Thinking of caving into the allure of a steady gig stocking other people’s produce?
You’re not alone.
You’re stepping into a longstanding, largely unionized tradition amongst some of the all-time great grocery store workers. You’ve got a long road ahead before you’ll be counted as legend. But in the mean time, you do get to look forward to being the person putting new milk into the back of the fridge—while wide-eyed children sit and stare at what they have to assume is the abominable snowman.
But besides walking around a giant freezer, there are some real responsibilities that you have to consider when you’re stepping into the job. For some, it’s an absolute pleasure and the kind of job they’re ready to take on for years. For others, it might be the sort of thing that can barely last a summer.
Start by considering some of these major factors, and the pros and cons of each, and see how you view the half a glass of water. If you’re still psyched by the end of this post, then you better take that application straight to the grocer yourself.
Pro: There are both day and night stockers, which means that you really do have a broad range of flexibility in your schedule. These can cater to just about every personality type. If you’re someone who prefers to put in the more traditional 9-5 grind, then you can stock during the day. If you’re someone who’s up for an irregular schedule, then you can try your hand at working the graveyard shift.
Think of it like Night At The Museum. You get to see the magic of what happens once the store closes down and all the shrimp in the seafood section come to life. Too poetic? At least you won’t have to fight all the crowds while you put everything back into tip-top shape.
Con: You won’t always get to decide your hours. Understanding that there are shifts at virtually all times of the day can be intimidating. You’re going to have some late nights and some early mornings. That kind of work can be grueling for someone who’s used to a consistent 8 hours a night and totally free weekends.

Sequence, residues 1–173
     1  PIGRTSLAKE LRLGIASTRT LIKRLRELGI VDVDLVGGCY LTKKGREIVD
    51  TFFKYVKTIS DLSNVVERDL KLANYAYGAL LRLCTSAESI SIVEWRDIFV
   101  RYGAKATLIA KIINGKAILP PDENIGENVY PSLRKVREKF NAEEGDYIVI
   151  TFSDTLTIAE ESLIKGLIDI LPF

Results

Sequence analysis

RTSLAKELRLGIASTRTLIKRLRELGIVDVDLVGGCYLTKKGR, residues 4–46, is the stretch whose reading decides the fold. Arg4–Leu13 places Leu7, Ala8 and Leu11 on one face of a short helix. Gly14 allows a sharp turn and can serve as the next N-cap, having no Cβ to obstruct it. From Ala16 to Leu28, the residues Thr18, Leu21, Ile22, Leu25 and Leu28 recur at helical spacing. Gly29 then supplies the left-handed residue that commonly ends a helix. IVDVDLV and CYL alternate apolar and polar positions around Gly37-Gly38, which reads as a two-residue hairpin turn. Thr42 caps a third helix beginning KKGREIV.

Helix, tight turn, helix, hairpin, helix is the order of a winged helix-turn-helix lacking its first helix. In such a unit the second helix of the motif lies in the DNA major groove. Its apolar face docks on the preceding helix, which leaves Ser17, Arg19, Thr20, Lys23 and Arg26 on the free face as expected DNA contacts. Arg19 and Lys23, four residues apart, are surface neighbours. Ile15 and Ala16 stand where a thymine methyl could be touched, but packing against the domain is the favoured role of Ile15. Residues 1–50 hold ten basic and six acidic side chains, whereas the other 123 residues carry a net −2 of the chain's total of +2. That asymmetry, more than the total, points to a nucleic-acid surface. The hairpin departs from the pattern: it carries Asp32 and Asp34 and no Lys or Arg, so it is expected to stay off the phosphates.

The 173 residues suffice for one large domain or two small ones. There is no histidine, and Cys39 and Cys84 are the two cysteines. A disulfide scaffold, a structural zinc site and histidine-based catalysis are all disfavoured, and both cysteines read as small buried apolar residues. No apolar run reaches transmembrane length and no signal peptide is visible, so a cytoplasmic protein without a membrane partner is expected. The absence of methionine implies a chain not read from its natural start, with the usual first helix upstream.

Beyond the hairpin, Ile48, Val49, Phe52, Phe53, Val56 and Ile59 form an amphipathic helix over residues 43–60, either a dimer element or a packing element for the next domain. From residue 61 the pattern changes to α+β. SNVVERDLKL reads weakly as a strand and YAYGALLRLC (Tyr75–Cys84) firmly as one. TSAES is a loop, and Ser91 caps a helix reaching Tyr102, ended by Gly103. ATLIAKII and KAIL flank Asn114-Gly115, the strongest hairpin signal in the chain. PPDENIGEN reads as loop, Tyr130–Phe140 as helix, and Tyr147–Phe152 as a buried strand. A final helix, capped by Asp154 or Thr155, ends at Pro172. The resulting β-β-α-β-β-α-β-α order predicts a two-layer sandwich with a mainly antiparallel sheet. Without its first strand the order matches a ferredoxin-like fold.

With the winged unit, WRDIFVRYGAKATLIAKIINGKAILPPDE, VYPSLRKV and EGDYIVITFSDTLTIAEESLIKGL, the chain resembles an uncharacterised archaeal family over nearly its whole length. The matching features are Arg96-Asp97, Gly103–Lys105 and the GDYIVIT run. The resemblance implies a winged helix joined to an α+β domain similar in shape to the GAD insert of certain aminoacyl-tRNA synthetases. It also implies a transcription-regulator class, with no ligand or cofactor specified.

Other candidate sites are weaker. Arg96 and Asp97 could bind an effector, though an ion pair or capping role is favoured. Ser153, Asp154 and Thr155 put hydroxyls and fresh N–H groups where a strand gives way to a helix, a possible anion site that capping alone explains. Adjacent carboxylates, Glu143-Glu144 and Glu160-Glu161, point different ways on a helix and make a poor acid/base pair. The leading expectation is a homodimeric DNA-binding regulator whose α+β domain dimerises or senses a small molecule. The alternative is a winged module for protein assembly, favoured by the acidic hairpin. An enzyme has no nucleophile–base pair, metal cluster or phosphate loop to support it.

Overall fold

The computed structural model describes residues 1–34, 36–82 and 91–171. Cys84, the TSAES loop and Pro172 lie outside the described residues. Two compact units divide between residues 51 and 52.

If you’re not ready to take on a night shift of two from time to time, or even permanently, then this may not end of being the job of your dreams. It’s something that’s at the very least worth asking about when you go to turn in your application.
Pro: Grocery money ain’t bad. The truth of the matter is, if you’re working at a major grocery store chain, then a stocking job is most likely going to have been unionized. That means that you’ll be protected by an outside group, have designated breaks, and get paid a fairly handsome hourly wage—certainly better than the minimum.
Especially if you’re on the night shift, stocking can pay extremely well, and give you some semblance of steadiness in your life. Sometimes, though, that can come with a price of its own.
Con: For instance, it also means you’ll likely become a part of a workers union. Some unions have dues, membership responsibilities, and can even mandate strikes—which may at times get messy. That doesn’t mean that you should go into a union job expecting to strike and break all the time, but it’s a possibility that you’ll be frustrated by some of the bureaucracy.
And at times, that will also mean that you don’t have very long breaks at all. Some unions have “cushy” agreements, while others will feel extremely stringent. At the end of the day, your responsibilities under a union will be extremely rigid.
And if you’re not at a unionized grocery story, then you’re probably going to deal with lower pay and fewer breaks.
Pro: Aforementioned magical fridge aside, stocking is good work. You’ll learn about a whole array of products, including pricing, placement, and customer behavior. You’ll also learn a lot about the relationship between suppliers, distributers and retailers. That’s certainly the stuff of true businessmen, and tools that you can take with you to any job in the future.
In the mean time, it can also be nice to have a certain work routine. You get to know your products, the most efficient way to pack them, and it can become the sort of game that makes an 8 hour shift seem like a few blinks. A lot of stockers simply enjoy what they do.
Con: For others, the monotony can be a little overwhelming. You’re doing a lot of lifting and kneeling and physical labor, oftentimes at weird hours, and it really doesn’t change a whole lot. If you’re just looking for a job to get by, it’s very possible that this job will get in your head.
This isn’t a job for everyone. But when the right person finds it, stocking can be the perfect fit. Ask yourself whether the pros outweigh the cons, take a hard look at your long-term plan, and evaluate. Then roll up your sleeves, fill out an application, and get to work!